When users need to create content within the management repository, this is where I see there could be an argument for not specifying types / structures for content. If you have a structured type expected, the user creating the content has to state values for the expected structure. This could be a little time consuming for users and a real issue if you have vast amounts of content that needs to be constantly added to your repository. Please note though, I don’t see this as an argument for unstructured design, rather an argument for good data capture processes and high levels of automation.

If you have a “known structure” being created in the repository, you have greater control over how the repository can work. For example, if you have known structures the following can all be known and therefore provide valued services:

·         Encryption type for content

·         Streaming rules (if required)

·         Digital Rights / Licensing of content and media

·         How and where to physically store the content in the repository

·         Specific migration and retention periods.


Accessibility, Applications and API

ECM repositories often require integration with other applications and services. Because of this, they really need to deliver a good API. For me, a good repository delivers a full API. The API also needs to deliver flexibility to developers to use the repository as they see fit, though without compromising security and support of repository functionality. If your API does this, then developers will be able to develop in their own style and with the freedom they require. With a good full API, developers can leverage that repository in new ways, extending the value that repository can provide to an organisation. This is key to any organisation that understands the importance of ECM.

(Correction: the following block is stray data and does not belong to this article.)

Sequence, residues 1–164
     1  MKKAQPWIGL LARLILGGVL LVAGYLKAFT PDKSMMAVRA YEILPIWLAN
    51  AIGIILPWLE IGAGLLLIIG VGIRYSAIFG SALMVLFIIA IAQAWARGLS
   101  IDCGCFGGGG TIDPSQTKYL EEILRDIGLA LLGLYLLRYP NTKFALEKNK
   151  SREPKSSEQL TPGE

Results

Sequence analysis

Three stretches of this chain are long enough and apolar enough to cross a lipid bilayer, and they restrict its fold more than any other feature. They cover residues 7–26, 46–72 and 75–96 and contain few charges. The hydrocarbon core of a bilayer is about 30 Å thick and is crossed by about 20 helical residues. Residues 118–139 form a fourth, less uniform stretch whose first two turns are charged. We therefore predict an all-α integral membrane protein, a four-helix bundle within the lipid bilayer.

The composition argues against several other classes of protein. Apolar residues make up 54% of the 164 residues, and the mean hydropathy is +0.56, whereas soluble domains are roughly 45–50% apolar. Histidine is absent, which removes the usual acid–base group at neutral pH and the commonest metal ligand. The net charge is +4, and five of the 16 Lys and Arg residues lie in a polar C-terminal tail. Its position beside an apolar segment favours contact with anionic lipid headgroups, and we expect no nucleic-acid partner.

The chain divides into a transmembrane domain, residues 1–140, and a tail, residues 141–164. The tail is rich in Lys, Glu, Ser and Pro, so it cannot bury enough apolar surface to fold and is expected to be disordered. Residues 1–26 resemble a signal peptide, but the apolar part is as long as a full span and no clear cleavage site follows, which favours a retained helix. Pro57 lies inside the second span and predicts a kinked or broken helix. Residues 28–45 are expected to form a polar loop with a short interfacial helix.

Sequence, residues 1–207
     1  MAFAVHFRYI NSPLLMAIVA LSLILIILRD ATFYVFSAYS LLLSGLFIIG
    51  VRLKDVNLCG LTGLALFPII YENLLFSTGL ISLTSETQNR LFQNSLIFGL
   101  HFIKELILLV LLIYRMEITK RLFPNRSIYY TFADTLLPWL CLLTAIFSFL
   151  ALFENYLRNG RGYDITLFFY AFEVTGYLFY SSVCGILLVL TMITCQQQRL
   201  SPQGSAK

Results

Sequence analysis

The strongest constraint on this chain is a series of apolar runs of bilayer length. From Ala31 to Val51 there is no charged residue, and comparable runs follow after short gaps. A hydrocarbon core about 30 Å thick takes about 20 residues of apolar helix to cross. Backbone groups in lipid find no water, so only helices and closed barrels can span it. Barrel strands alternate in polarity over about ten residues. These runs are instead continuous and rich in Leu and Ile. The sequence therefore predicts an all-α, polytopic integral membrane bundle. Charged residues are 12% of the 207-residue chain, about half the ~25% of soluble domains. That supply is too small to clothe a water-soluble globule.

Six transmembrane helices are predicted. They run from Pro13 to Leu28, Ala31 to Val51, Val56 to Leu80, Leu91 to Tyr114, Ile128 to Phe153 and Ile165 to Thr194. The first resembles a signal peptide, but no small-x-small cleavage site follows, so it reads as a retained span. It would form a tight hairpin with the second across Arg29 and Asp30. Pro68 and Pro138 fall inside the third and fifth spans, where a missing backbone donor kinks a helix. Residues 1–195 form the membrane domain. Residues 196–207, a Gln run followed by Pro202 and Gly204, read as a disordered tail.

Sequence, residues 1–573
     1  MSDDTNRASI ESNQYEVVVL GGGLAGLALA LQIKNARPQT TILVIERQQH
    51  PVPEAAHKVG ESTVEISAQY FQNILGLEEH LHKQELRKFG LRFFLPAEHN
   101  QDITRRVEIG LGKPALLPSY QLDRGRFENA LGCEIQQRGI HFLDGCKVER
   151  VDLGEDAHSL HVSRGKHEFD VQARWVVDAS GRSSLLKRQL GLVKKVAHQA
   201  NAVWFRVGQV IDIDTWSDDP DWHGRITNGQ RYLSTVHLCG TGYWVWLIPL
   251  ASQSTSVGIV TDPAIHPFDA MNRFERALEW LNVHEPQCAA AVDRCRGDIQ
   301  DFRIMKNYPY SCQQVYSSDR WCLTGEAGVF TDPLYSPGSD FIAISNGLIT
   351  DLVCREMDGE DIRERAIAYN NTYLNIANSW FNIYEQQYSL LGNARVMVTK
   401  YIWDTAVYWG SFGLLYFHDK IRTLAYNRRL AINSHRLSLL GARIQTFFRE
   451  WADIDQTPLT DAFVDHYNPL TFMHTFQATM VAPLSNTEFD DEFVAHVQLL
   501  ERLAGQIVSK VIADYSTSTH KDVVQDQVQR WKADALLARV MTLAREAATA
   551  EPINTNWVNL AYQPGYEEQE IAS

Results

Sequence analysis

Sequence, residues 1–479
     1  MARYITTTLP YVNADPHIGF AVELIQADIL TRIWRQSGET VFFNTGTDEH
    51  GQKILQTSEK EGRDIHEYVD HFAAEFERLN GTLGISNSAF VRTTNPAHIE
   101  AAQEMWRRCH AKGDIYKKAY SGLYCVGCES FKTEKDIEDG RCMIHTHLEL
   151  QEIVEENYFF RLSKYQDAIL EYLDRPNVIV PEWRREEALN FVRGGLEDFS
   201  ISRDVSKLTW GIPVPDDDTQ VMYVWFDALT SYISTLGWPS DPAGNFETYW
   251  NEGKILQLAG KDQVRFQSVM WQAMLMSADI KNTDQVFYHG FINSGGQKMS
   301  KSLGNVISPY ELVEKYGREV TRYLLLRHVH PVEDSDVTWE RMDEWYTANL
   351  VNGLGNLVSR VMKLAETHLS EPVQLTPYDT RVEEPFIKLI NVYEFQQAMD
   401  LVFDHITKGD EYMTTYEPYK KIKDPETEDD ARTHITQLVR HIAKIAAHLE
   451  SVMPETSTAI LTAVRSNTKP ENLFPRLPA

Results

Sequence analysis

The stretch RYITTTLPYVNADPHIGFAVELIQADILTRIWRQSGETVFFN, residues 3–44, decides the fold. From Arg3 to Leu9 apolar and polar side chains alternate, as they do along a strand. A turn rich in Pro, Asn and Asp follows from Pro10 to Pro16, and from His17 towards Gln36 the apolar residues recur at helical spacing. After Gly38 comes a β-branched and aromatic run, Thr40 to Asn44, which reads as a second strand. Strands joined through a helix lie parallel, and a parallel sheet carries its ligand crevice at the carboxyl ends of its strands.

However, your API cannot be proprietary to a particular technology or platform these days. This is where web services really help. We ourselves have spent a great deal of time ensuring our workFile Vision repository delivers a full web service API, so much so, that all our own applications only interact with the repository through that API. We know that if all our applications work in this way, there is no integration requirement that cannot be met.


So what have I tried to say in all this rambling. Well, if you are thinking of investing in ECM, make sure you look at how the repository is designed, what performance can it deliver and how scalable is it. Unstructured repositories will struggle to compete with well designed repositories that allow the structured specification of various types of content. Also make sure that your future requirements are not hampered by a lack of a flexible and full API.

If on the other hand, you are a developer / designer looking to create your own content management repository, make sure you think about what you want to achieve. What expectations you have. While an “unstructured” repository store sounds attractive and highly flexible, it may well cause you issues in the longer term, especially with retention periods! Also think about interoperability. If this is more than just a design / development exercise, you are going to need to provide an API, one which can be consumed by other technologies and platforms.


Parting shot…

In the end, a good repository design should provide users and developers alike, with as much or as little structure and flexibility as required…



2 responses

30 04 2009

Where are you from? Is it a secret? 🙂

11 05 2009
Andrew Smith @onedegree

I am situated just outside London, UK…